White is for Witching by Helen Oyeyemi
4 star read
Why I read: Book Club pick for October.
Book blurb: “In a vast, mysterious house on the cliffs near Dover, the Silver family is reeling from the hole punched into its heart. Lily is gone and her twins, Miranda and Eliot, and her husband, the gentle Luc, mourn her absence with unspoken intensity. All is not well with the house, either, which creaks and grumbles and malignly confuses visitors in its mazy rooms, forcing winter apples in the garden when the branches should be bare. Generations of women inhabit its walls. And Miranda, with her new appetite for chalk and her keen sense for spirits, is more attuned to them than she is to her brother and father. She is leaving them slowly –
Slipping away from them –
And when one dark night she vanishes entirely, the survivors are left to tell her story.
“Miri I conjure you “
This is a spine-tingling tale that has Gothic roots but an utterly modern sensibility. Told by a quartet of crystalline voices, it is electrifying in its expression of myth and memory, loss and magic, fear and love.”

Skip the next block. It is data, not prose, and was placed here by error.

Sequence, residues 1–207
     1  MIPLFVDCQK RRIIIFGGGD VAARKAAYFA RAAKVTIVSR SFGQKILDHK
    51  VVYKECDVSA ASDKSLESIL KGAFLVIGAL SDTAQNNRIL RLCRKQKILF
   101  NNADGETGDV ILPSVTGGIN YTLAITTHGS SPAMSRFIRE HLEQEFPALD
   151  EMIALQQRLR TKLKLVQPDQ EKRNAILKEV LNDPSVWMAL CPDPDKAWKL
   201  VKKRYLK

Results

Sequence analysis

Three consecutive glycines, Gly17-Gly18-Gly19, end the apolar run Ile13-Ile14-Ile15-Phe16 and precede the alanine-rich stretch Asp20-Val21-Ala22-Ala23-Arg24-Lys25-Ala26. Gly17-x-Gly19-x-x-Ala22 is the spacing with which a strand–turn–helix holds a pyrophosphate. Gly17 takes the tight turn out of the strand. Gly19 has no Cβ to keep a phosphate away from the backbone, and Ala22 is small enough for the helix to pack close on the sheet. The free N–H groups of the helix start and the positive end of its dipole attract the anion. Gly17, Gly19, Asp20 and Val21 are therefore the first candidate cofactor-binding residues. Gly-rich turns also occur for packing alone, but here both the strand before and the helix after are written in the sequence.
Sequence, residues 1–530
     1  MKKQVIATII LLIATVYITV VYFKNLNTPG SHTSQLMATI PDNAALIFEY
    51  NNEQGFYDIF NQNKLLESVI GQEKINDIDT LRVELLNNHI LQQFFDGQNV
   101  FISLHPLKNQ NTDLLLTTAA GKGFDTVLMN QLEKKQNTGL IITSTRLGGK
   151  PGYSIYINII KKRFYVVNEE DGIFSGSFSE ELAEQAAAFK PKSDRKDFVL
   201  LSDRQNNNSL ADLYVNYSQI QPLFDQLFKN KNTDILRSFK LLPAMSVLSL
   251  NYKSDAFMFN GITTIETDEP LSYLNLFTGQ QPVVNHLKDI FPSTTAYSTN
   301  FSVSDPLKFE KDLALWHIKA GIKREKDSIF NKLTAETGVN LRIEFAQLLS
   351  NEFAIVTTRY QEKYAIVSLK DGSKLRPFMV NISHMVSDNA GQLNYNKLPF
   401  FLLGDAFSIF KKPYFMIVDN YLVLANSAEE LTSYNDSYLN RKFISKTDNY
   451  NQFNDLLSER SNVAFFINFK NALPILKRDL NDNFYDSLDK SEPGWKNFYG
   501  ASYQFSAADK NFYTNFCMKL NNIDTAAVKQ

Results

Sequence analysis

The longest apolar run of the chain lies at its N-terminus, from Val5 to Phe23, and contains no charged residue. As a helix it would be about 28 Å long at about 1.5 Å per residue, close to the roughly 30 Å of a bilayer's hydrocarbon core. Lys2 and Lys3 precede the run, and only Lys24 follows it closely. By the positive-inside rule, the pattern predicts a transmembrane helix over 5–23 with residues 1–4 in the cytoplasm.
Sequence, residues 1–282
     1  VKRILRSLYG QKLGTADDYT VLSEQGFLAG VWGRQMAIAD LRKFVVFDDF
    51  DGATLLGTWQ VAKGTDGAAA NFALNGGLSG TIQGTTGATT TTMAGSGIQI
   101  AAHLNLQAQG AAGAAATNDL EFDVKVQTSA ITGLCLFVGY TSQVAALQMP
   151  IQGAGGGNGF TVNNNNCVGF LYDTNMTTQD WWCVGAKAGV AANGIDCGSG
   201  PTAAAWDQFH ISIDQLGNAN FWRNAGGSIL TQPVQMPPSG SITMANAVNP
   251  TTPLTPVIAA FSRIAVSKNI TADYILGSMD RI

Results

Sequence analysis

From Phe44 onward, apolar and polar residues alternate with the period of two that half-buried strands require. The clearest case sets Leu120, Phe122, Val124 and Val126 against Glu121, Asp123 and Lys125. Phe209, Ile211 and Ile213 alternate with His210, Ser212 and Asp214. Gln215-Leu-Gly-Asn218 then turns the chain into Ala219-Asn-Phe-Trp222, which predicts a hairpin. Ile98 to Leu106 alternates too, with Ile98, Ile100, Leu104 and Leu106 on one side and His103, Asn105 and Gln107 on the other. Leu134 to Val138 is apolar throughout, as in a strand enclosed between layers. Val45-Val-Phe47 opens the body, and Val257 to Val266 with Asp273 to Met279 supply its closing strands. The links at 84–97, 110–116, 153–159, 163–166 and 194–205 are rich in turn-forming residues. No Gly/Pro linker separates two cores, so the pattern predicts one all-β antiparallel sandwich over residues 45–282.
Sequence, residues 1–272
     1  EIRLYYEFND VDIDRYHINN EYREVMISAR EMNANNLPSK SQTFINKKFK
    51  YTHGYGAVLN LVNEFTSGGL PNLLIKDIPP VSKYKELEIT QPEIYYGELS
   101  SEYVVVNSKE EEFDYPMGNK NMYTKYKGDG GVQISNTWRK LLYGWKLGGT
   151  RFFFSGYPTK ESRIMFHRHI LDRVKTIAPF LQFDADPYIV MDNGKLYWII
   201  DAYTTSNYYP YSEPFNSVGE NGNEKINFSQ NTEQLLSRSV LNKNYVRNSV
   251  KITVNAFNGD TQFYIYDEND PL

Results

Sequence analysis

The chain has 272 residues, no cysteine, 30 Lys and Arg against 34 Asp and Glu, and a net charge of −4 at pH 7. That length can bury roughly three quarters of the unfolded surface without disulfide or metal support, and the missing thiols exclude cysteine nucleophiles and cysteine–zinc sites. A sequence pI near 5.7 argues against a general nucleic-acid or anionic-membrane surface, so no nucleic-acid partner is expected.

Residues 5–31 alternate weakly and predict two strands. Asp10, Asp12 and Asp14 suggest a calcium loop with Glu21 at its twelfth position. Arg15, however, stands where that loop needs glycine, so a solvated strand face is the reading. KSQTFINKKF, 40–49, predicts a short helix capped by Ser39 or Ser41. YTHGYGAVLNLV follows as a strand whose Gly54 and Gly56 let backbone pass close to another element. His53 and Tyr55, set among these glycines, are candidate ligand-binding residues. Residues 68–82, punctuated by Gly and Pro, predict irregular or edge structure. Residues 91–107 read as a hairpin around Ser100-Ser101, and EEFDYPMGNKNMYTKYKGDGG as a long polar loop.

Oyeyemi’s writing is magical. She beautifully crafts words together to create a dark gothic atmosphere. Words weave together, suggesting things, lyrically grasping at your imagination. The plot itself is bewildering and confusing. The narrative switches to different peoples viewpoints continuously and sometimes without any headers to indicate who we are now following. The plot seems to meander along, back and forth through time till you no longer know where you are. But somehow that works with the strange almost poetry of the words. Its a book to read and absorb the atmosphere from.
It’s a book about mental health, how reality and illusion blend together when the mind is fragmented. She captures the fragility of the mind wonderfully. The main character “Miri” has a form of Pica, an eating disorder, where she consumes chalk. She is a weird character, and I never felt like I got to know her. But that fit into the atmosphere of the book as it seemed like Miri did not know herself or what was going on.
I was disappointed that there weren’t any actual witches in the book given the title. The ending is left open so its not one for people who like all the loose ends tied neatly together in a book.
I’d recommend to anyone who likes: weird tales, atmospheric books, ghosts,
“I collected pictures and I drew pictures and I looked at the pictures by myself. And because no one else ever saw them, the pictures were perfect and true. They were alive.”
― Helen Oyeyemi,